Cuban Prosecutor Appeals ‘Very Soft’ Sentences in Mayabeque

Alberto García Scull was imprisoned for 14 days and was released on bail pending trial. (Capture)

14ymedio bigger14ymedio, Havana, 23 February 2022 — More than two months after their trial, the protesters of 11 July in San Nicolás de Bari, in Mayabeque, have received their sentences, considered very soft by the Prosecutor’s Office, which has appealed them, according to what the artist Alberto García Scull told 14ymedio. García’s sentence amounts to one year and six months in prison for the crimes of “disrespect” and “public disorder.”

Yerandis Reyes Escobar, Leonardo Alfonso Sánchez, William Valera Suárez and Odelys Barceló Serrano are the others convicted in the same case, which accuses those sentenced of “crimes” similar to those others have been charged with in the same province, for example, “expressing denigrating slogans against the presiden”; slogans such as “Díaz-Canel singao [motherfucker].” The phrase, the document points out, was “spoken by the rest of the participants” putting “in disrepute the public figure of this authority.”

In the section on proven facts, the defendants are also accused of shouting “loudly” the slogan “policías singaos” that others shouted, which, the court alleges, “caused an undermining of the transcendental work of maintaining order and the tranquility of the population.”

García Scull, specifically, was accused of “insulting national symbols” for dancing “salsa casino” to the rhythm of the national anthem during the July 11 protests, something he categorically denied. “I don’t even know how to dance casino,” he declared in an interview with Hypermedia Magazine.  

The artist told 14ymedio on Tuesday that the demonstration in his municipality took place peacefully and accuses the authorities of being the only violent ones on the day of massive demonstrations throughout the island. “They were people from the Party and the Government, who mistreated a girl,” he says.

García Scull insists that he was only at the demonstration as a spectator, to document what was happening in San Nicolás de Bari.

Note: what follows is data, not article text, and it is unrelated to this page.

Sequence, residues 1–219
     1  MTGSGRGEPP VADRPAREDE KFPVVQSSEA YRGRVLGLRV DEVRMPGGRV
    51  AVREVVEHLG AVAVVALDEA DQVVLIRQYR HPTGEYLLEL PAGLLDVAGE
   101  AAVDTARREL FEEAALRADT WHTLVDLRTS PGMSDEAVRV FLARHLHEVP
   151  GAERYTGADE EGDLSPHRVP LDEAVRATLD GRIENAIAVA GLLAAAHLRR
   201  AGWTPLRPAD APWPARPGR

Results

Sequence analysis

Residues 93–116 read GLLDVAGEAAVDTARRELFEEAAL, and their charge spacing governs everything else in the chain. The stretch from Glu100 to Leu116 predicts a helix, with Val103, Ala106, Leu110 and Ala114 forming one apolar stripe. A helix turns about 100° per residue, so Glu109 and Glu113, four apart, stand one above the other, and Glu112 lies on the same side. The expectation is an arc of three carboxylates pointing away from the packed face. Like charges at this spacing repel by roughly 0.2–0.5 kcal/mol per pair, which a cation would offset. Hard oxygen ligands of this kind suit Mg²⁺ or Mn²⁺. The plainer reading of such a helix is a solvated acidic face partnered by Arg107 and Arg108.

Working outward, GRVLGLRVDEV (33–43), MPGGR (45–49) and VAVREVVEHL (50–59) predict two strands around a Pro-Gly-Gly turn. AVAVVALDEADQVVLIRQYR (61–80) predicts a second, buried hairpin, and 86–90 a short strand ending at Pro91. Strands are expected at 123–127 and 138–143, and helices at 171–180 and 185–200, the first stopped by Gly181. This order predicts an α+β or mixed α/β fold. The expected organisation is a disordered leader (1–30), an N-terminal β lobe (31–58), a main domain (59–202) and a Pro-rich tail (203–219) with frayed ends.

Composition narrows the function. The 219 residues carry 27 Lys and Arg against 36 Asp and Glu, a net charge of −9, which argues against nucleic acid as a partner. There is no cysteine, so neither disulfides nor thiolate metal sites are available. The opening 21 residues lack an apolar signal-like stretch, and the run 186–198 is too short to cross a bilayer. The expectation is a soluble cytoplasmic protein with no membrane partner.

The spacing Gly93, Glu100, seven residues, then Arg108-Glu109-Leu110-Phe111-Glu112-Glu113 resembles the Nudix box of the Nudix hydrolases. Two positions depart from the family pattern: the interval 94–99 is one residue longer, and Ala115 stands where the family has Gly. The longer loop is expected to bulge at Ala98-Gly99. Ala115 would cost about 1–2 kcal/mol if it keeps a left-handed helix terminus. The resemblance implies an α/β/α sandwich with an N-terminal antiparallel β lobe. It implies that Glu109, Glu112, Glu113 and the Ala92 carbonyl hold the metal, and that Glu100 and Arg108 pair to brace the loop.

“Because I’m a videographer, I was doing some recording, so I found myself near the front of the group at times,” he explained to Hypermedia. “In fact, that is why they accuse me of being an organizer. But rather what I did was record with my phone. The slogans that people shouted were: ’we want medicine,’ ’freedom,’ ’homeland and life.’”

Arrested on July 13, he spent two weeks incarcerated in the so-called “AIDS prison” in San José de Las Lajas, Mayabeque, where he also denounced having suffered torture: “They beat us during interrogations, they put us against the wall, they stripped us If someone took their head off the wall, they put your head against the wall. Many people were beaten very badly.”

Fourteen days later, on July 27, he was released on bail pending trial.

“Our entire process is basically the same as what has happened throughout Cuba: trials with people lying, false witnesses,” García Scull tells this newspaper. “The investigation that they did to us was totally incorrect. In fact, what they say about me is not at all similar to the type of personality that I have. It has nothing to do with my way of being or with my way of acting or my attitude towards society”.

García Scull and his fellow protestors convicted are now awaiting the pending appeal of the Public Ministry. Although most of the sentences that the courts are issuing on the trials related to 11J are lower than those demanded by the Prosecutor’s Office, there are few occasions when it announces the filing of an appeal. There is a precedent in Isla de la Juventud, where the body appealed the acquittal of three protesters and the reduction of the sentence from five to three years to a fourth. The decision is still pending.


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